So a friend thought fit to send me a link to this article yesterday (probably it does nothing more than take a jibe at the ‘liberal-arts hippy type’ he thinks I am): it’s called ‘Generation Whine’, and it’s about ‘Self-pitying twentysomethings and the Boomers who made them’. Its author, a woman called Laura Bennett, doesn’t like the fact that there are so many blogs and Tumblrs and websites generally proclaiming that it sucks to leave university and enter a world in which jobs either provide no satisfaction, stifle artistic ambitions, or simply don’t exist. As one of these ‘narcissistic’, ‘angsty’, ‘self-obsessed’ people who is ‘oblivious to privilege’ and existing wastefully in a ‘self-absorbed twentysomethingdom’, angry at the world for forcing me to give up my liberal artistic pretensions in the name of actual work, naturally my first response is to take to my blog and whine about this woman. Like no seriously. How dare she. Doesn’t she know how hard it is not having a job and knowing that like damned capitalism is at the root of all this evil (PS Occupy Wall Street now plzkthx).

But no: sarcasm aside, the article says nothing to me about anything. Bennett’s disdain for a very specific ‘hipster’ type is so palpable I could choke on it – she sneers at some book or another for its interviewed 20somethings being a “broke, aimless vegan baker”… “a 29-year-old yoga instructor”… etc etc. But she does a mass disservice to 20somethings when she herself takes these people as representative of the demographic; we are not all, like Hannah Horvath in Lena Dunham’s TV series Girls, desperate to be artists in a Parisian garrett like Flaubert (I can’t fault the fact that Bennett’s article begins with a denunciation of Girls’ preposterousness at times; and you see – the connections become evident).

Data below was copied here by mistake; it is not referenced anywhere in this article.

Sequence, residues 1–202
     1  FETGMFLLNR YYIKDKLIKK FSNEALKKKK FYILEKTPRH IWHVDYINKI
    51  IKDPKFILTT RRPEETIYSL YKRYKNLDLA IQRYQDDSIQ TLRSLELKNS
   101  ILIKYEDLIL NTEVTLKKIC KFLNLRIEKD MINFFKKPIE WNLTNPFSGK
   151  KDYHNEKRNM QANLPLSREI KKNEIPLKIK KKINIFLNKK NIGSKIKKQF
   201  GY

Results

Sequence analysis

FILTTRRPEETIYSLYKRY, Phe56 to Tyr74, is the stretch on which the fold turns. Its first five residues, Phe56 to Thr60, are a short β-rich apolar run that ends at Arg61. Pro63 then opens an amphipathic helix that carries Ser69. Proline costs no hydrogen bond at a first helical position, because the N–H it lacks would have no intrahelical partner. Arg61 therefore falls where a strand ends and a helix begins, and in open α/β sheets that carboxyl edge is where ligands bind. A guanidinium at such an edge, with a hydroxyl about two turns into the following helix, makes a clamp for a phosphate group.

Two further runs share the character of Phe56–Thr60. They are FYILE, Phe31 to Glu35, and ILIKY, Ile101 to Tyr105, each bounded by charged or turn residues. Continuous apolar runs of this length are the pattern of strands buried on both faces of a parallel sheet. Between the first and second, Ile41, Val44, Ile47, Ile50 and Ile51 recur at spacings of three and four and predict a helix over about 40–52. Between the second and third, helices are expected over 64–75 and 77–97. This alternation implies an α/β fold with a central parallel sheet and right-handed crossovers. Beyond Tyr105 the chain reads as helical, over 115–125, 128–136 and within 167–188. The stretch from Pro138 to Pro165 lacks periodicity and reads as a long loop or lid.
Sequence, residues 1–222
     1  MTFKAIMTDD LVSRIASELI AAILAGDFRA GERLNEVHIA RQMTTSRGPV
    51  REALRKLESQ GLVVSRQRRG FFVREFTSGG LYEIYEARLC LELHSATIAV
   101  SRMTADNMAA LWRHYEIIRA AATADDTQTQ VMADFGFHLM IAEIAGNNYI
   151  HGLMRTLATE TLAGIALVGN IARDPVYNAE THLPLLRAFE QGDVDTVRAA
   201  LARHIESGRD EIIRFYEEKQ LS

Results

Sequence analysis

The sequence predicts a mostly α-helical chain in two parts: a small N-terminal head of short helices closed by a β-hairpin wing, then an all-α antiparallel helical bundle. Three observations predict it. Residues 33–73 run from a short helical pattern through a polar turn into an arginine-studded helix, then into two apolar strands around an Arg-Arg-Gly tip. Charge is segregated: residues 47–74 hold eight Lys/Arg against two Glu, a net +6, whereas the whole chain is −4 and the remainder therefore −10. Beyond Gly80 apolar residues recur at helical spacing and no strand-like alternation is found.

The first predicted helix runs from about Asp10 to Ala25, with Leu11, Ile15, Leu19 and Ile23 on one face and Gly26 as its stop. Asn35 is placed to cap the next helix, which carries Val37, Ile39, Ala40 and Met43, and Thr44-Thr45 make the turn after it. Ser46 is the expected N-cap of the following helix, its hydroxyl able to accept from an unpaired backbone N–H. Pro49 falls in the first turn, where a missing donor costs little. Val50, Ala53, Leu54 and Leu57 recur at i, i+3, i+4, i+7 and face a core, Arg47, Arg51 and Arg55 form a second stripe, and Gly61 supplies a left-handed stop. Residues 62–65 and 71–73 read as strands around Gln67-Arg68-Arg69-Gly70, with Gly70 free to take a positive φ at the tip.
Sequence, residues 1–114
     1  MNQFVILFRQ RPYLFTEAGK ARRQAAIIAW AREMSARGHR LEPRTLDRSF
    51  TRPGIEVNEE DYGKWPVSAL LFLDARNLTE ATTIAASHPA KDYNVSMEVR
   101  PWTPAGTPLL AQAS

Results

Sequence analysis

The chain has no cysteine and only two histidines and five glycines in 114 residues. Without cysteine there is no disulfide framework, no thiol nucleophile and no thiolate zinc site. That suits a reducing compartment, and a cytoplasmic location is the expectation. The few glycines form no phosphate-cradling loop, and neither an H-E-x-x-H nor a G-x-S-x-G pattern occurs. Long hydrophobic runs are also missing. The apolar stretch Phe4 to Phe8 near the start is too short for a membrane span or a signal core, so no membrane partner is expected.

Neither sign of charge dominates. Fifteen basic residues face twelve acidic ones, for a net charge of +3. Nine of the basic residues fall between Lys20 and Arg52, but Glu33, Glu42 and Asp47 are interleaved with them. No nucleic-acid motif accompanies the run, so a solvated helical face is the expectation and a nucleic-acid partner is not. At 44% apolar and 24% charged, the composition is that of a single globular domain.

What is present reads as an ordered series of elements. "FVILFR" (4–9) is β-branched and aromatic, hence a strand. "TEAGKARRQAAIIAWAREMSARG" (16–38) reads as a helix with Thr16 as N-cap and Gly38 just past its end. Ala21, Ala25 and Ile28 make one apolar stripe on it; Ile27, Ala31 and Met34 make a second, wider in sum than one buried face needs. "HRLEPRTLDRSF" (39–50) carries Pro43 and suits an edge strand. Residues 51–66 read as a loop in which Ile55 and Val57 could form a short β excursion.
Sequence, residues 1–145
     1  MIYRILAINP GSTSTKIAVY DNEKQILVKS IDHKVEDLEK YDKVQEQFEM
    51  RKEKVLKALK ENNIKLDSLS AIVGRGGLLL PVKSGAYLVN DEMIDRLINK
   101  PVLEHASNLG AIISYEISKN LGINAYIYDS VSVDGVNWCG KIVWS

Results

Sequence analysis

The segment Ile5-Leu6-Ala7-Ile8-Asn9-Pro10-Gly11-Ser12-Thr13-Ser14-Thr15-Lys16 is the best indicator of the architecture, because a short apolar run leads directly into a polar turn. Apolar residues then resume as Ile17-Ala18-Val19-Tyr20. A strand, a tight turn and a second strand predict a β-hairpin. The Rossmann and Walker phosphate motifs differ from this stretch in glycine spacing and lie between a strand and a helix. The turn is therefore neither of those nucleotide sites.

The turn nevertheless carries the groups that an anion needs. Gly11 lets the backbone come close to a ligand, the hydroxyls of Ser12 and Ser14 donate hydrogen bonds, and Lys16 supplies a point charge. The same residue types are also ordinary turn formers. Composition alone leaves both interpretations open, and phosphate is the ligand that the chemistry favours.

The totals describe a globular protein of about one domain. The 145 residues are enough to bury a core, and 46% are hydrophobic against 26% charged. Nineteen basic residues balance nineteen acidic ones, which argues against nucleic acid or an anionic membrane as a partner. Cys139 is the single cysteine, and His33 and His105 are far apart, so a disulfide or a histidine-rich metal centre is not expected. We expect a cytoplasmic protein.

I don’t know anybody who dreams thus, to exist peacefully in society with a comfortably-monied career as an artist, and the impossibility of doing so is certainly not unique to 2012. Art unfortunately grows (and sometimes exists) in the fringes of life/society, and I wouldn’t dispute this. (I do resent the rhetoric of ‘use’ which claims that studying the Arts or Humanities is ‘less useful’ than other stuff, because as the esteemed Dr. Johnson from whom this blog steals its name once said — a quote I found in my dad’s book of aphorisms yesterday! — “all knowledge is of itself of some value. There is nothing so minute or inconsiderable, that I would not rather know it than not”). What I do know (and this is not meant to be representative either, but it is out there) are graduates who are walking dogs to earn cash. Which does suck, whatever Bennett may say about it: that’s not what one gets £10K into debt for (in student loans) and a small part of me believes that everybody deserves more. A lot aren’t getting it right now, for reasons complex and multifarious. (It’s also a small minority, and it’s probably only temporary – but still!). Bennett not only doesn’t really offer anything fruitful or productive besides the criticism of ‘self-absorption’ (which is a shame, because no doubt self-absorption and some very simplified ‘BLAME THE CAPITALISTS’ sentiments do abound), but she also samples a very select, primarily Brooklyn-based/New-Yorker/American few, and uses it to roundly denounce 20something attitudes everywhere. No thanks. Go away. Just another article from Generation Whine these kids don’t know how easy they have it now stop complaining-type thing?

(Or maybe – and I fully allow for this possibility – I’m just piqued because I seem to belong to the ‘whiny’ demographic she denounces. Darn you! I’ma take you down on my blog!)

* * *